Fact Check

ICE Badges

E-mail describes ruse intended to scare away littering Mexican construction workers.

Published May 24, 2006

 (Wikimedia Commons)
Image courtesy of Wikimedia Commons
E-mail describes ruse intended to scare away littering Mexican construction workers.

We don't know who originated the item quoted above, which began spreading (amidst a glut of other immigration-related pieces) via web sites and e-mail forwards in May 2006, but it reads like another attempt at political commentary through humor, this one also incorporating a number of stereotypes about Mexicans, Hispanics, and immigrants: The majority of them (or at least the ones who work construction jobs) are in the U.S. illegally, they have little respect for courtesy or law (as evidenced by their wanton littering), they are sent scurrying (never to return) by the sight of anyone wearing apparel emblazoned with the abbreviation "INS," etc.

We note that immigration enforcement activities (such as the rounding-up of undocumented workers) formerly handled by the Immigration and Naturalization Service (INS) are now a function of Immigration and Customs Enforcement (ICE), and that government agencies don't generally give approval to third parties' using their names and/or insignia (especially when, as in the scenario described here, the specific intent is to deceive others into believing that private citizens are actually government agents).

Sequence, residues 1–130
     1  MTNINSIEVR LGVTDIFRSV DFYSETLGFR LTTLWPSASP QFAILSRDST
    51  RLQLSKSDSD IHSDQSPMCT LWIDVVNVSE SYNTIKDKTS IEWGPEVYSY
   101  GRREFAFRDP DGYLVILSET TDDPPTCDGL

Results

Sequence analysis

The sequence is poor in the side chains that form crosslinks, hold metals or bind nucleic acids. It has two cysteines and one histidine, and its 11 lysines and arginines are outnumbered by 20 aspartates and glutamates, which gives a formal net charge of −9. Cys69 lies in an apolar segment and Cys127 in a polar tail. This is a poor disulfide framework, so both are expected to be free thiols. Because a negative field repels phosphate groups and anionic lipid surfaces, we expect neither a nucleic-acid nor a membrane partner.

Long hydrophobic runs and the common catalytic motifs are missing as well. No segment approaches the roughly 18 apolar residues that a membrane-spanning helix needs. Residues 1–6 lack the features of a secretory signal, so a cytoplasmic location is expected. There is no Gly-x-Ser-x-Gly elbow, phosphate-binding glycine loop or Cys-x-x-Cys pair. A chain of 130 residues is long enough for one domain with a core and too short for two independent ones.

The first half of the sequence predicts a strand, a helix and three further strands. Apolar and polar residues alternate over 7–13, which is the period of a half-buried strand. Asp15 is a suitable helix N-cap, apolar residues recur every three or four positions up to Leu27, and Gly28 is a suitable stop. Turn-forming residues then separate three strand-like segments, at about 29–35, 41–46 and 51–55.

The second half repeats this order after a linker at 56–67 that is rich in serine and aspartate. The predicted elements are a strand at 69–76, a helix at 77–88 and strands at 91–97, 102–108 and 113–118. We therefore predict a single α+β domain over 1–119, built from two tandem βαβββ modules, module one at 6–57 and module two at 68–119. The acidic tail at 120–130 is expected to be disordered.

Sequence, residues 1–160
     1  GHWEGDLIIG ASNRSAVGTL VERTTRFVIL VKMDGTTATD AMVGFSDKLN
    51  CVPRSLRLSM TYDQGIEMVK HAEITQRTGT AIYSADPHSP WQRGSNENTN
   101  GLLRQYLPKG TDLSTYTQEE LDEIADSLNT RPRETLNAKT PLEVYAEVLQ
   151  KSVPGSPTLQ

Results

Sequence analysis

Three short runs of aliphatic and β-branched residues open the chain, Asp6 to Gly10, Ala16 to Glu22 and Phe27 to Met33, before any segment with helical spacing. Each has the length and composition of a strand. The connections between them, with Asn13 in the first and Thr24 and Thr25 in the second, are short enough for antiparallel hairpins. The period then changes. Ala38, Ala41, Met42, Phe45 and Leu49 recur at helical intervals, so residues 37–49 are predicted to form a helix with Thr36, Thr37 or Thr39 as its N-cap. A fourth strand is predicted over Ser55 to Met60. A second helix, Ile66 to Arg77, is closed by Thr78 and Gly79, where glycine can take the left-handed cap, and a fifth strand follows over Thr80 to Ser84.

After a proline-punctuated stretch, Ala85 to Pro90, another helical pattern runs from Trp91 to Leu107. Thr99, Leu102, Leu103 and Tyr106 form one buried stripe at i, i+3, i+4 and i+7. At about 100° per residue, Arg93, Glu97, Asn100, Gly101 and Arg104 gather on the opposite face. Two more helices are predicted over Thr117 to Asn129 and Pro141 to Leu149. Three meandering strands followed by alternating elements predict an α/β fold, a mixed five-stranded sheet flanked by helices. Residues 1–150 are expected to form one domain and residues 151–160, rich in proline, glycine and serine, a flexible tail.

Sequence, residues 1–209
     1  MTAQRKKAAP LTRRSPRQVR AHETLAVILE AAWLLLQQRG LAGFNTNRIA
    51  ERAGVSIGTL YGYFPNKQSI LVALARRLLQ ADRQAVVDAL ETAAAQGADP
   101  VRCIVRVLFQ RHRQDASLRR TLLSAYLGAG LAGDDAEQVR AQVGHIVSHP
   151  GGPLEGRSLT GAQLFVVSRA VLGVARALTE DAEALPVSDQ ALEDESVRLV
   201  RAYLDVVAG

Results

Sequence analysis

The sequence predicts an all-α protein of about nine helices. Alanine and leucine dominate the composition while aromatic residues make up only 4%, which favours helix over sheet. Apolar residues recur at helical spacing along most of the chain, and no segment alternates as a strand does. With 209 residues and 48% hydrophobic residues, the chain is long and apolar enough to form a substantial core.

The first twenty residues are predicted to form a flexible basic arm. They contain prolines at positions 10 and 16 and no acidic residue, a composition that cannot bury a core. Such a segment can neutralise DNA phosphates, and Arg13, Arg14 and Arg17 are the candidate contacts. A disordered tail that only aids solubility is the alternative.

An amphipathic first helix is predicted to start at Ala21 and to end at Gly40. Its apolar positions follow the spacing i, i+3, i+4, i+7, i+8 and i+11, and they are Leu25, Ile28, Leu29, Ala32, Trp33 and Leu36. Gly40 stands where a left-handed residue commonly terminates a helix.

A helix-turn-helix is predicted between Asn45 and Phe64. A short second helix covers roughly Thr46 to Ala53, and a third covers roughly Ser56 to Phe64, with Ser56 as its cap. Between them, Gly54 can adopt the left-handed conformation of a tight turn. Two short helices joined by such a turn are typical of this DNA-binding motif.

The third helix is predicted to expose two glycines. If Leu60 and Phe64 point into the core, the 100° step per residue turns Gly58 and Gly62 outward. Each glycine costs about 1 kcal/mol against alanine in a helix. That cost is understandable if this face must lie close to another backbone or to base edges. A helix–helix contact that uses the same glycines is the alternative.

One of the genuine difficulties faced by real ICE agents is that even when they conduct workplace raids and arrest undocumented workers (rather than simply scaring them away with their "INS" caps), their efforts are often largely ineffective because many of those arrested are quickly processed and released (without being prosecuted or deported), or the arrestees agree to deportation because they know that by volunteering to leave they can more speedily and easily return to the U.S. to resume their old jobs (or find new ones).

Variations:   Differing versions place the homeowners' association in

    • Washington, DC.
    • Topeka, Kansas
    • Dallas, Texas


Pusey, Allen.   "Many Immigrants Arrested in Raid Freed." The Dallas Morning News.   28 April 2006.

David Mikkelson founded the site now known as snopes.com back in 1994.